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Bone marrow drives seek to delete blood cancer, raise awareness

Throughout the two days of hosting the drive, ONU's SSHP and Kappa Psi were able to register 141 people as potential donors. (photo/Katie Pritchard)

Every three minutes someone is diagnosed with a type of blood cancer in the U.S. For many patients, a bone marrow transplant is the best chance for survival. Yet, only 30 percent of patients find a matching donor from within their family. The rest must rely on the kindness of strangers.

It’s one thing to hear facts about people you’ll never meet. It’s another thing entirely when it hits someone you know.

For students in the Ohio Northern Student Society of Health-System Pharmacists (SSHP), that moment happened three years ago, when they found out that one of their brothers was diagnosed with HLH, a rare immune deficiency. He needed a bone marrow transplant, and that’s when they decided to hold their first bone marrow drive on campus.

He is still searching for a match; 60 percent of patients never find one.

Kate Pritchard, ONU’s SSHP fundraising chair, said they hope to hold a bone marrow drive every few years to better the chances of finding a match for those in need. This year Kappa Psi co-hosted the drives with ONU's SSHP in order to increase education and awareness about blood cancer and the need for eligible people to register as potential donors.

A bone marrow or blood stem cell transplant is a potentially life-saving treatment for patients fighting blood cancers like leukemia and lymphoma, as well as other blood diseases like sickle cell. A transplant replaces the patient’s unhealthy blood stem cells with healthy ones from a donor.

“Patients rely on benevolent strangers like the students at ONU to step up and register as donors,” Pritchard said. “By registering as a donor, you can increase these chances of a patient finding a compatible match and saving their life.”

This year the two-day drive, which took place on Feb. 15 and 16, registered 141 potential donors with the help of 24 volunteers. Each year, nearly 150,000 new donors are registered across the United States.

The process itself is simple: donors register and have the inside of their cheek swabbed. The procedure takes less than 15 minutes.

The collected sample is then packaged up and sent to a lab to analyze your tissue type, which is determined by examining HLA markers. A close HLA match increases the chance that the patient’s body will accept donated cells as its own, and thus not attack them. Currently, only about four in 10 patients can find a donor with a very close HLA type. The closest HLA matches generally occur between patients and donors who share the same ancestry.

In addition to registering donors, Kappa Psi and ONU’s SSHP held a Dine to Donate event through El Campo to raise money to cover the cost of testing kits, which are $65 each. One hundred percent of money raised from the fundraiser went to Delete Blood Cancer (DKMS) to provide free testing kits to those wishing to register.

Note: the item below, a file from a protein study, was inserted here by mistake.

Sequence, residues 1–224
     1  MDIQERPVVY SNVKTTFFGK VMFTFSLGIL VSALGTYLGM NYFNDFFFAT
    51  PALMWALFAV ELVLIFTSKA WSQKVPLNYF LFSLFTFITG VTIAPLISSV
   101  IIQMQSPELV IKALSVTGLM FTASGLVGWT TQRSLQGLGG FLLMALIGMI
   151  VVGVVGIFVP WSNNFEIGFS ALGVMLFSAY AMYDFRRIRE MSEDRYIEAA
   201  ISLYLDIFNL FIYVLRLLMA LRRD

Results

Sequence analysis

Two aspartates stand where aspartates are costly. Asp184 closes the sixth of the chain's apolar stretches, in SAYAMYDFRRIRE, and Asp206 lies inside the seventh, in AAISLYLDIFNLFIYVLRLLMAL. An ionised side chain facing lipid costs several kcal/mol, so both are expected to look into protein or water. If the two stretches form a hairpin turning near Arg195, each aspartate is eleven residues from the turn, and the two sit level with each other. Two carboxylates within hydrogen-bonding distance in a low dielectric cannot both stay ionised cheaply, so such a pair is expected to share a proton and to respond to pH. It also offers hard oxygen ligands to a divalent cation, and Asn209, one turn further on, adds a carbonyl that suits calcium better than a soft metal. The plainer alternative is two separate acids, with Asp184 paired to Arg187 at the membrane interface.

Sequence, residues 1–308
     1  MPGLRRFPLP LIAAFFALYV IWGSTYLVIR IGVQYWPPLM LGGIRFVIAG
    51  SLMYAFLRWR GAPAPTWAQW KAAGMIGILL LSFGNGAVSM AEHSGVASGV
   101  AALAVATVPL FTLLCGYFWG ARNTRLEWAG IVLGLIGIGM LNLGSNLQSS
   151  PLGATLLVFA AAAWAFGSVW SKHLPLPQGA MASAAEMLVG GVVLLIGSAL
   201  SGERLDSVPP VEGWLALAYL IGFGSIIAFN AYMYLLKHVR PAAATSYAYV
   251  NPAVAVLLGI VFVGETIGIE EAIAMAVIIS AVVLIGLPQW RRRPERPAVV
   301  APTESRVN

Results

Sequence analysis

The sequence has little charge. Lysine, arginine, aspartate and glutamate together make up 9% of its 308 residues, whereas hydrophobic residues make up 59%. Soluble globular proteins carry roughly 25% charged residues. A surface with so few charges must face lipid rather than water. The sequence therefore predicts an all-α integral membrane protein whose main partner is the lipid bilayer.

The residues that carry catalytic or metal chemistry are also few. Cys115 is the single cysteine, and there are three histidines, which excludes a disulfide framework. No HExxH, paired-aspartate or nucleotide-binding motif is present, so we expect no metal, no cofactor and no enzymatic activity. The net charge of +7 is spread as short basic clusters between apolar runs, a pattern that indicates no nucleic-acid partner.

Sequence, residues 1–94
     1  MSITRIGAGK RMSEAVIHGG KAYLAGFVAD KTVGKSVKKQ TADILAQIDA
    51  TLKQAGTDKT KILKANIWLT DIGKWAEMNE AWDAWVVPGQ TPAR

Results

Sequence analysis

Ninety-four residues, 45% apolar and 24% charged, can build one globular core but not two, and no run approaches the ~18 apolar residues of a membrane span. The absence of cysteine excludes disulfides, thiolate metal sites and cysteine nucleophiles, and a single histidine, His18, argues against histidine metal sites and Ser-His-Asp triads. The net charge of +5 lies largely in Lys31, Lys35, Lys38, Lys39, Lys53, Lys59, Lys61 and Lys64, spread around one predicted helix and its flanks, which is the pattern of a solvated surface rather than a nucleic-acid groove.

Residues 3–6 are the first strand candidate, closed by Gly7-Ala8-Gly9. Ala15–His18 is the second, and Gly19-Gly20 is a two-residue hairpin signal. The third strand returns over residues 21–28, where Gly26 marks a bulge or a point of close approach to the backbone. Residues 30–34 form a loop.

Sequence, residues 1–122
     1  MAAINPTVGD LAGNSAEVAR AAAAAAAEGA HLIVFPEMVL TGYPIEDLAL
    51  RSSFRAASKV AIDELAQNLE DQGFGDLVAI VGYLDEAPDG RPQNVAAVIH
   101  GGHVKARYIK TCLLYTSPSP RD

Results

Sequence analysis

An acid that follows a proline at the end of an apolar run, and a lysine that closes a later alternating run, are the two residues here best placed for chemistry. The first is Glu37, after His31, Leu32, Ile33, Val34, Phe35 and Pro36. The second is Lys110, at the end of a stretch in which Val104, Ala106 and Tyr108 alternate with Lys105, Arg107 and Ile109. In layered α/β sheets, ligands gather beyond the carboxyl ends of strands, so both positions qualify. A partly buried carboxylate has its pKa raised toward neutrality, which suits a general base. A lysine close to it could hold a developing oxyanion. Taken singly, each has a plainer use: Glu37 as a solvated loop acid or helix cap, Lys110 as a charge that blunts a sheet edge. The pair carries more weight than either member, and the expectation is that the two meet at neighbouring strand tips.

In the case of a donor being matched to someone in need, DKMS also covers the cost of all expenses during the donation process. DKMS relies on donations to keep their mission of providing these services at no cost in order to encourage as many people as possible to register as donors.

Kat Liu, one of the event organizers, believed that keeping the process simple really helped encourage students to participate.

“I think people become excited when they learn how they can impact others, especially when the opportunity is right in front of them and only takes a short amount of time.”

Pritchard emphasized another great benefit of this whole process was to educate people about blood cancer and correct the many common misconceptions people have about what it means to be a bone marrow donor.

Previously the most common way to donate bone marrow was through direct extraction by surgery. Today, this method is only used for 25 percent of cases, often when a child is in need of a transplant.  

In the other 75 percent of cases, bone marrow is collected through a non-surgical method known as “peripheral blood stem cell donation,” where cells are collected out of the bloodstream. In both cases, the small fraction of stem cells you donate will replenish themselves in a few weeks. Your immune system is not compromised by the donation.

When there's a match, the patient undergoes high dosages of chemotherapy and possibly radiation therapy to destroy all the diseased cells in their body and immune system in preparation for the transplant. This process is done so that the diseased cells can’t attack the donated cells afterward. During transplant, donated cells are infused into the patient and move through the bloodstream into the bone marrow, where they begin to grow and produce new healthy blood cells in a process called engraftment.

To volunteer as a potential donor, you can visit and sign up. If you don't feel comfortable registering or aren't eligible, you can also make monetary donations to fund DKMS’ work to delete blood cancer.

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